Fig. 1.

Immunohistochemical analysis of NF-κB subunits in patient matched HNSCC and noncancerous epithelium biopsies. A, SCC of tonsil (bottom; magnification, 400×) compared with epithelium from opposite tonsil (top; magnification, 400×). B, SCC of tongue (bottom; magnification, 400×) compared with biopsy from adjacent lingual epithelium (top; magnification, 400×). Both SCC biopsies show diffuse positive nuclear staining of variable intensity of all five NF-κB subunits. NF-κB subunit nuclear staining limited to the basal layers is shown in the matched noncancerous epithelia, with nuclear staining reduced or lost in the suprabasal layers. p-RELA, phosphorylated RELA (Ser536); Isotype, rabbit IgG isotype-negative control.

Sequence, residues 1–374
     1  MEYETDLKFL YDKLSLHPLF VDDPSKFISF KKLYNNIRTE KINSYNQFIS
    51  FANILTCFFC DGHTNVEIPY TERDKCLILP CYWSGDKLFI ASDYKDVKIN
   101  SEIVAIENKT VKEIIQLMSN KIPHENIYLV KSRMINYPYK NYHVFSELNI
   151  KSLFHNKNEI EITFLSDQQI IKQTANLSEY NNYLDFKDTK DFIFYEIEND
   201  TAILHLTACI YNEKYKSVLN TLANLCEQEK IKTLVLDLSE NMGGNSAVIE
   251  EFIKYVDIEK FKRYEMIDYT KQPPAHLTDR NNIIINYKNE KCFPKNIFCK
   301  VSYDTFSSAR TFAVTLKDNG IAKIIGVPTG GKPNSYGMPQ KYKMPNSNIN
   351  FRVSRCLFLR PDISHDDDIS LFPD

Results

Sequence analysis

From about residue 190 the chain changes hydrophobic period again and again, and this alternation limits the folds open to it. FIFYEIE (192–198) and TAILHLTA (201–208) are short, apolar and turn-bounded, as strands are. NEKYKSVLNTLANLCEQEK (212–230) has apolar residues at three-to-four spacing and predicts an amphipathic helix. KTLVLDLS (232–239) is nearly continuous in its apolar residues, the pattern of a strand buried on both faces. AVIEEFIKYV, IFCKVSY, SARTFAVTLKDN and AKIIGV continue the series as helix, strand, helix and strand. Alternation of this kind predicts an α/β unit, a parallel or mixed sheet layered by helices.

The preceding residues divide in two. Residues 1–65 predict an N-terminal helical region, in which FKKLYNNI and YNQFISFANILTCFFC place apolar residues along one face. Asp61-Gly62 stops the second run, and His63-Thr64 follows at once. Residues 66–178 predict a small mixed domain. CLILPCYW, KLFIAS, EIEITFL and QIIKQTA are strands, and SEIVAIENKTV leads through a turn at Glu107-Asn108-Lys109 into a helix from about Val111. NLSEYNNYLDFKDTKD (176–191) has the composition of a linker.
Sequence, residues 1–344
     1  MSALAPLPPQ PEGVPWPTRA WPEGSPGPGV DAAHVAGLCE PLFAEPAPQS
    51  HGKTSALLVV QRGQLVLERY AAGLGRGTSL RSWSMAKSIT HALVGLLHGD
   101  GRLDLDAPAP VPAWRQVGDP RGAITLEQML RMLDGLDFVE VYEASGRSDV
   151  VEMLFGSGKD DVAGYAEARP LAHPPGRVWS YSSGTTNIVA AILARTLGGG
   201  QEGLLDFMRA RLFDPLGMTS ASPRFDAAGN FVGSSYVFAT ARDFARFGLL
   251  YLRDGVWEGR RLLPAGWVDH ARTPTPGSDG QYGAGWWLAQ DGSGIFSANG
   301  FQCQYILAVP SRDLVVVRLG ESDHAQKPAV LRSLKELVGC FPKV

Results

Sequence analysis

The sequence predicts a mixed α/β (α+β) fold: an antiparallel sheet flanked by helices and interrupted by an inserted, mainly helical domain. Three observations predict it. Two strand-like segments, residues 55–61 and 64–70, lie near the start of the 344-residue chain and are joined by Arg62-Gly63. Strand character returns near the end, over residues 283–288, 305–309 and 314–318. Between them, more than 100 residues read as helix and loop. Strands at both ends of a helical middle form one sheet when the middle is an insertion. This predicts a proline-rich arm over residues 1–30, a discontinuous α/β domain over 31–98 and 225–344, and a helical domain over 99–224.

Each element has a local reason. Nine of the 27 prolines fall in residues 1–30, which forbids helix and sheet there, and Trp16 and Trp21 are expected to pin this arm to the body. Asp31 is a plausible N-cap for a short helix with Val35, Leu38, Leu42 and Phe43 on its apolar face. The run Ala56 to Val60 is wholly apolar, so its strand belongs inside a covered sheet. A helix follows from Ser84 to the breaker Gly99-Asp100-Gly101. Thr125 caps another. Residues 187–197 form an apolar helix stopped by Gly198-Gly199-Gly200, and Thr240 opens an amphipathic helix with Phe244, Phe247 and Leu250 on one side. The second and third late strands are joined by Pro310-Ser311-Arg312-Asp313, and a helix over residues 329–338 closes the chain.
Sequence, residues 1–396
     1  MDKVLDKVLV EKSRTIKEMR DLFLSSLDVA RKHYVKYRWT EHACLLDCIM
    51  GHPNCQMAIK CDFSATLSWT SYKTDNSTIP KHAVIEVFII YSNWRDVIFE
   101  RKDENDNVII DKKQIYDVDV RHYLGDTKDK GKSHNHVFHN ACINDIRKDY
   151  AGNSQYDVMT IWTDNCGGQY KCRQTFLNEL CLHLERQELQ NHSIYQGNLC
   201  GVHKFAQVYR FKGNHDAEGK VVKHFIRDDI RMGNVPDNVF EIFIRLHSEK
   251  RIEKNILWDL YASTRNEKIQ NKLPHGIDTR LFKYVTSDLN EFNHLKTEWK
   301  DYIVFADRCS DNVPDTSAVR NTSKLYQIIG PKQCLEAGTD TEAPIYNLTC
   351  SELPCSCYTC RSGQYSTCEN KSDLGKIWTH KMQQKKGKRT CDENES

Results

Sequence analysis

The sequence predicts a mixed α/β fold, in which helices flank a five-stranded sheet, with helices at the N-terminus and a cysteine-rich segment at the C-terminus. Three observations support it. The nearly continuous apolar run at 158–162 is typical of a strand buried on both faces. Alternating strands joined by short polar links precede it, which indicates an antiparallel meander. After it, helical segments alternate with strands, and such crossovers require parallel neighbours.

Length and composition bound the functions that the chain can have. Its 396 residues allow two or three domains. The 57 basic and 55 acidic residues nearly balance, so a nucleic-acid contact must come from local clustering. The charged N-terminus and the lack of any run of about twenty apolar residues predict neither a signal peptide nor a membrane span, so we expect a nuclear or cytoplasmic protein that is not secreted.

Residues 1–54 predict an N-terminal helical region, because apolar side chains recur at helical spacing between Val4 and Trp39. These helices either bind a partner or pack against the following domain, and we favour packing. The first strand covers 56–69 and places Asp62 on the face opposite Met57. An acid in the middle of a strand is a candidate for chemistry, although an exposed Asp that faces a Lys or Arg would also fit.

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A panel of HNSCC specimens show variable nuclear localization of all five NF-κB subunits. To examine the broader presence and localization of the five NF-κB subunits in HNSCC, we compared six pretreatment tumor biopsies via immunohistochemistry. Whereas the presence or absence of cytoplasmic staining was variable between different tumor biopsies and NF-κB subunits, six of six pretreatment biopsies show nuclear staining for all five NF-κB subunits compared with isotype controls (Supplementary Fig. 1), ranging from weaker 1+ nuclear staining (phosphorylated RELA in patient 4) to very strong 3+ nuclear staining (cREL in patient 1). These results are consistent with nuclear localization and activation of canonical as well as noncanonical NF-κB subunits in HNSCC.